Pandurang Sitaram Bhagwat Vs. State of Maharashtra  Insc 775 (17 December 2004)
N. Santosh Hegde & S.B. Sinha [Arising out of SLP (Crl.) No. 2177 of 2004] S.B. SINHA, J :
This appeal is directed against the judgment and order dated 27.01.2004
passed by the High Court of Bombay in Criminal Revision Application No.219 of
1996, whereby and whereunder the revision application filed by the Appellant
herein was dismissed ex parte.
The Appellant herein is a Constable in the State Reserve Police. He was
charged for alleged commission of an offence punishable under Sections 354,
323, 504, 506 read with Section 34 of the Indian Penal Code.
One Dilip Phadtare was a monthly tenant under the Appellant in one of the
rooms in his house situated at Sarpanch Vasti, Dund. It is not in dispute that
quarrels used to ensue between other tenants on the one hand and the said Dilip
Phadtare and his wife on the other. It is also not in dispute that the
Appellant had asked Dilip to vacate the tenanted premises. He was also said to
have in search of other premises.
His wife Alka Dilip Phadtare is the complainant. On 10.04.1993, at about 5.15 p.m., the Appellant is said to have entered into the said tenanted premises, when
Alka (PW-2) was watching a movie in the television with her sons Shivaji and
Amol. He enquired about her husband. Alka (PW-2) told him that he was not at
home. He thereupon allegedly entered into the room, closed the door and
outraged her modesty by embracing her from backside and touched her breasts. At
that time PW-3, Dilip came back and found Alka abusing the Appellant. On his
questioning as to what had happened; he was assaulted by fists and kicks. The
other three accused thereafter also allegedly came there and assaulted both of
them. Dilip allegedly was also assaulted with stones and bricks.
The Appellant and the other three accused persons stood their trial for
commission of offences punishable under Sections 354, 323, 504, 506 read with
Section 34 IPC on the basis of a first information report lodged by PW- 2 in
relation to the aforementioned alleged incident.
The prosecution besides the informant (PW-2) also examined her husband
(PW-3) and son, Shivaji (PW-4).
The Judicial Magistrate, First Class, Daund, by a judgment and order dated 25.05.1995
disbelieved the story as disclosed in the First Information Report as regard
threatening given to her husband, Dilip (PW-3), on the premise that no such
allegation was made in her earlier statement. The court also disbelieved the
allegation that Alka and her husband were abused by the accused persons. It
furthermore negatived the case of the prosecution that the accused persons
voluntarily caused hurt to Alka and her husband.
The accused persons were, therefore, acquitted of the charges for commission
of the offences punishable under Sections 323, 504, 506 read with Section 34 of
the Code. However, the Appellant alone was found guilty of commission of the
offence of outraging modesty of Alka by the learned Magistrate holding :
"As regards the submission of probability of false implicating of the
accused, I find it difficult to digest that a woman will prefer to put her
character at streak only in order to take revenge or in order to implicate the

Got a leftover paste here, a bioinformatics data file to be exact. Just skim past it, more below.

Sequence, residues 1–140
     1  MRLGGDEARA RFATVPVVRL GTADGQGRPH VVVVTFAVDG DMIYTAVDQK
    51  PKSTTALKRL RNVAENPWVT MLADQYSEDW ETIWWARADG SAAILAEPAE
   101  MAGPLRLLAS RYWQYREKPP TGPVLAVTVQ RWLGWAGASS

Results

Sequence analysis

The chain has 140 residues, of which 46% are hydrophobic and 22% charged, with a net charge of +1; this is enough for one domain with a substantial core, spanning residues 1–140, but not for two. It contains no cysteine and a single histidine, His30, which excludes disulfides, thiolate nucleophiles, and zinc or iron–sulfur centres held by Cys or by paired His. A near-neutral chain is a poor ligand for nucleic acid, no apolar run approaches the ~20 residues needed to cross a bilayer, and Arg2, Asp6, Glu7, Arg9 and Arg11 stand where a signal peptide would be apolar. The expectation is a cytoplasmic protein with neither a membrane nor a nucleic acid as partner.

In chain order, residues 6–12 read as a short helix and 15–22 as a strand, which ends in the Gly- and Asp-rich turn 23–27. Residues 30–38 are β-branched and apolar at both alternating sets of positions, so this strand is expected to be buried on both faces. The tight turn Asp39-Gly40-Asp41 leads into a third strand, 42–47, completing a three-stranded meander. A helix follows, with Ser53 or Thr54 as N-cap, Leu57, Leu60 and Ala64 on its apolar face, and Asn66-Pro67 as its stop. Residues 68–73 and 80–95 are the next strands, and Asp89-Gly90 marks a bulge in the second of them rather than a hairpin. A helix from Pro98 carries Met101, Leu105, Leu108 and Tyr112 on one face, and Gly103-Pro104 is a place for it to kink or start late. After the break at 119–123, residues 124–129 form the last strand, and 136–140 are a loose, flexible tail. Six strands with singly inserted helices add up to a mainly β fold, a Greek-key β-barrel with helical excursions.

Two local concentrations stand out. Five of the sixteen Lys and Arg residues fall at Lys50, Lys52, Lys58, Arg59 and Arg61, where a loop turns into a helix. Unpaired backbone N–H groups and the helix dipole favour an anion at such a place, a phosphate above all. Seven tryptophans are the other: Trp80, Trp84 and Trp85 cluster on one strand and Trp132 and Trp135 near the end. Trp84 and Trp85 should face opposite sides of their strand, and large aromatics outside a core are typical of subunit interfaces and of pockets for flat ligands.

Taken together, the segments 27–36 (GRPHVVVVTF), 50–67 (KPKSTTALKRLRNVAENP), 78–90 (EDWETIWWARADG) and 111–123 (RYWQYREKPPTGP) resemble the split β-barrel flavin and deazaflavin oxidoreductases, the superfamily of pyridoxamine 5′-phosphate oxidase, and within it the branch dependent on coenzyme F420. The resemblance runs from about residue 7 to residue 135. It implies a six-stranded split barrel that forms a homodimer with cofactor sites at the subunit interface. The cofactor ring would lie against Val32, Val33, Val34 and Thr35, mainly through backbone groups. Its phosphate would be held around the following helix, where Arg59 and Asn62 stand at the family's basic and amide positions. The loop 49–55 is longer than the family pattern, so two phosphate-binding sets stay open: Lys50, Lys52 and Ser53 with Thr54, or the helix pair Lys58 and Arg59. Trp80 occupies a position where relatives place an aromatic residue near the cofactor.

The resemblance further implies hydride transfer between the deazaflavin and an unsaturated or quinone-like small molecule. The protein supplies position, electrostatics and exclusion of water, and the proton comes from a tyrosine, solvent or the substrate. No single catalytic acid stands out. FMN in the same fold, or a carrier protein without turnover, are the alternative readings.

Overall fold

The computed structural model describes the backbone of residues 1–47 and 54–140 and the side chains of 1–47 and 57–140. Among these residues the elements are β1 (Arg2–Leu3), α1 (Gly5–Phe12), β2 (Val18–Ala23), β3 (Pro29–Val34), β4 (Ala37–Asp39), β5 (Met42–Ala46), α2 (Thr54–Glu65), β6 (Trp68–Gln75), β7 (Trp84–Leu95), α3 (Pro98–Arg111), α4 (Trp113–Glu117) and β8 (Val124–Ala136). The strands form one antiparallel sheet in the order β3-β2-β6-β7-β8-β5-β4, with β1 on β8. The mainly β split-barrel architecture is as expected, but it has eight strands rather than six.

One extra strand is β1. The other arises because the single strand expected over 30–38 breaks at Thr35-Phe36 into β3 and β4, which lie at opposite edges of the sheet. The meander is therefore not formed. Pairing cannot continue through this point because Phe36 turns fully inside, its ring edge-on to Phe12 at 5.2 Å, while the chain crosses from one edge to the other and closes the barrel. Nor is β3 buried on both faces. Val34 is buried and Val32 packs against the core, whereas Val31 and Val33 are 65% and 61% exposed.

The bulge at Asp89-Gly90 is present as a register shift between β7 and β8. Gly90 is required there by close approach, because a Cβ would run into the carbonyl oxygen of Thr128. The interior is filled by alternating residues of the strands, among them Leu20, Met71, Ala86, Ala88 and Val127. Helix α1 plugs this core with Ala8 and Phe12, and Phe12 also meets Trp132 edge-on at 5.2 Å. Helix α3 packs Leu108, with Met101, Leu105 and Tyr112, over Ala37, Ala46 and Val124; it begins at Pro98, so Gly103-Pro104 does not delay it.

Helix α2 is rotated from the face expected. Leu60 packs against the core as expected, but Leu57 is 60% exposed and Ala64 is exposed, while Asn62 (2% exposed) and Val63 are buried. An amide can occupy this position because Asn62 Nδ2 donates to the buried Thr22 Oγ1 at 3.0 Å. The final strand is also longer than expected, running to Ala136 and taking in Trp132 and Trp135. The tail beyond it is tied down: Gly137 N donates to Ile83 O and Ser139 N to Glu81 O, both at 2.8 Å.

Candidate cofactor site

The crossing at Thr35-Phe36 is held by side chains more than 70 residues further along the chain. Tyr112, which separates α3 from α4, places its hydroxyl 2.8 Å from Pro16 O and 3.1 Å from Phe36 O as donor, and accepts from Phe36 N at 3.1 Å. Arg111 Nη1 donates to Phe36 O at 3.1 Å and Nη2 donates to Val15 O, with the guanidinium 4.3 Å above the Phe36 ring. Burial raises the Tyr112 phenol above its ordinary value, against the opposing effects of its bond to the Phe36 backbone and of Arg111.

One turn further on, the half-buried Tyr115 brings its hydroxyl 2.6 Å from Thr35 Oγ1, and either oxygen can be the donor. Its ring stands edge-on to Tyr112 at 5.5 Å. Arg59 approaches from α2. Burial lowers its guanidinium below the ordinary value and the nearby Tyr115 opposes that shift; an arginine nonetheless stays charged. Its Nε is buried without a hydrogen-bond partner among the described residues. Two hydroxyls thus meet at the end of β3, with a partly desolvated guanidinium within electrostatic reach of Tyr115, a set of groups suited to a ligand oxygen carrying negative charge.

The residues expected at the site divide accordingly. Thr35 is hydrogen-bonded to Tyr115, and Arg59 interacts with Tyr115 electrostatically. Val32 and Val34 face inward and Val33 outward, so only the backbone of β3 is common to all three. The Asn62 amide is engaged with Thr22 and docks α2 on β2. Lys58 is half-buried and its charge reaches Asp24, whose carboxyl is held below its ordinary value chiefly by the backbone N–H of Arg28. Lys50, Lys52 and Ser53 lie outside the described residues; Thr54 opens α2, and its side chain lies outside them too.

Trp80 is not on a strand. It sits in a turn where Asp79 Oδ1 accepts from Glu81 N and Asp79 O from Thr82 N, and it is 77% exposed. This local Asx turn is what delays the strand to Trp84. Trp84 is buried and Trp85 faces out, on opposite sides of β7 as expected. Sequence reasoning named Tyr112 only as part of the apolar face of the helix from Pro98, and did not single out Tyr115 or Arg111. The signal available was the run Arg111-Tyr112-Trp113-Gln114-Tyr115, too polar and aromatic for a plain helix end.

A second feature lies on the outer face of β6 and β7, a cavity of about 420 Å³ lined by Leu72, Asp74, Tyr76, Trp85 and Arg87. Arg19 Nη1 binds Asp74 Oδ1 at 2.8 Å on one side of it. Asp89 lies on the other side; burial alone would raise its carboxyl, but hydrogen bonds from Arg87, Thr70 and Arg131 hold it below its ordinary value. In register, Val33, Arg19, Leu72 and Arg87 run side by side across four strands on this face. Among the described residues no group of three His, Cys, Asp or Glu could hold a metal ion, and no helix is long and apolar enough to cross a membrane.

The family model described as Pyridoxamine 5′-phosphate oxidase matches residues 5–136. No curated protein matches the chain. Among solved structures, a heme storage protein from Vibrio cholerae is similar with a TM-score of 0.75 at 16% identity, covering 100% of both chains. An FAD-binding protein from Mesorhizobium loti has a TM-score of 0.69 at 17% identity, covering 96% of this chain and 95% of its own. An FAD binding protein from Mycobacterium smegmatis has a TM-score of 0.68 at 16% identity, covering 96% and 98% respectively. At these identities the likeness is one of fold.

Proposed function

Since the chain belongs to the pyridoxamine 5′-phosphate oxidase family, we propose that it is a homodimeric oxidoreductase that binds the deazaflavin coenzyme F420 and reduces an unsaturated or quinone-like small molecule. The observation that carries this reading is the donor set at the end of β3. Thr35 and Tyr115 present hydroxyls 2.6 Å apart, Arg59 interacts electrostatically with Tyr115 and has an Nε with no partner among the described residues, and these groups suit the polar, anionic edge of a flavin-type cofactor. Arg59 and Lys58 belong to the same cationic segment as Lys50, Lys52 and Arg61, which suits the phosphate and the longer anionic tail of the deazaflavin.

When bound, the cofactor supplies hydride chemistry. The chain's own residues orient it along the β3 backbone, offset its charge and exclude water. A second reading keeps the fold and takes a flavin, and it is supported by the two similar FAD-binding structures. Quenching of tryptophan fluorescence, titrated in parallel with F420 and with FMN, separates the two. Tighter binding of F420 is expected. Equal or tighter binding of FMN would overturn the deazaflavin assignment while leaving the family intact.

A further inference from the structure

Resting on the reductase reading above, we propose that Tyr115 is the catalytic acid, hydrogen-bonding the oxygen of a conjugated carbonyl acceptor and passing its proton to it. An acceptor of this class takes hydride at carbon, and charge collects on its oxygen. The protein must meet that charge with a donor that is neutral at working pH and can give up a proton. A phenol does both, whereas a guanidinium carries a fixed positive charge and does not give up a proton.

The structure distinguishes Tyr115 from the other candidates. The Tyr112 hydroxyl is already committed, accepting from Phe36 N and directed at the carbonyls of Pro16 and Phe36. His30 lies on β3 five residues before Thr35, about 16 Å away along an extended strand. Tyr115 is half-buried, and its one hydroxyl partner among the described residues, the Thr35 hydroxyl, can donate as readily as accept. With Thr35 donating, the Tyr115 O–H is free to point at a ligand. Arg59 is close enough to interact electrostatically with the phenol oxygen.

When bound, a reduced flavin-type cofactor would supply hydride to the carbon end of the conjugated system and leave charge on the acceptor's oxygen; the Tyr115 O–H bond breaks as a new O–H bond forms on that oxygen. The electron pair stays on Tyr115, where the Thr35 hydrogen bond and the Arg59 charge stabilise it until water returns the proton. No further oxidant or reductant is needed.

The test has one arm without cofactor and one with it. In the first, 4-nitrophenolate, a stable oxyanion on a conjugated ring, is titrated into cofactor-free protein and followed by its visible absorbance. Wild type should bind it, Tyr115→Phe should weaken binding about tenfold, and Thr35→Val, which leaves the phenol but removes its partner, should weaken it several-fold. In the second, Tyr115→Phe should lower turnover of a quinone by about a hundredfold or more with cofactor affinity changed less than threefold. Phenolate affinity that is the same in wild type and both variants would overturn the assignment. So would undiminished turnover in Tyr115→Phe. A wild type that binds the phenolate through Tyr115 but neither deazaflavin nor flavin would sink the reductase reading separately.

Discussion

accused falsely, particularly when her husband serves in police department.
Alka and her husband could have easily made false charge of house trespass,
causing of hurt etc. to lodge prosecution and it was not necessary for them to
put to streak character of Alka by making false accusations of outraging of
modesty by the accused No.1" On the aforementioned finding, the Appellant
was convicted under Section 354 IPC and sentenced to suffer R.I. of three
months and also to pay a fine of Rs.1,000/-. A sum of Rs.500/- was directed to
be paid to the complainant Alka by way of compensation, out of the
aforementioned amount of fine. The Appellant preferred an appeal thereagainst.
By reason of a judgment and order dated 31.08.1996 passed in Criminal Appeal
No.10 of 1995, the Additional Sessions Judge, Baramati, dismissed the said
appeal. The learned Appellate Court noticed the discrepancy in the evidences of
PW-2 and her son Shvaji as regard the manner of occurrence but maintained the
judgment of conviction and sentenced passed by the Trial Judge, stating :
"There was nobody to watch the said incident.
No doubt, the other incident of beating, abusing by appellant and his other
relatives to Alka and her husband took place outside the house but main
incident of outraging modesty of the woman having taken place in the drawing
hall itself, there was no person, who could see the incident and therefore,
non-examination of independent witness from the neighborhood of Alka and her
husband, cannot be said to be a minus point for the prosecution. A minor
discrepancy has been occurred in the evidence of mother and son. Shivaji
testified that when mother was going towards kitchen and was in standing
position, her breasts were caught by the accused, coming behind her, whereas
Alka stated that her breast were caught, when she was watching T.V. However,
this discrepancy is very minor in nature, if a woman is assaulted in this
fashion. The very next moment, she would stand up and would not continue to sit
in the same position before she was criminally assaulted. So, if natural one and
it cannot shake credibility of either of the witnesses to the occurrence."
A Revision Application filed by the Appellant was dismissed by the High Court
in terms of the impugned judgment holding that both the courts below have
appreciated the evidence on record and on appreciation found the accused guilty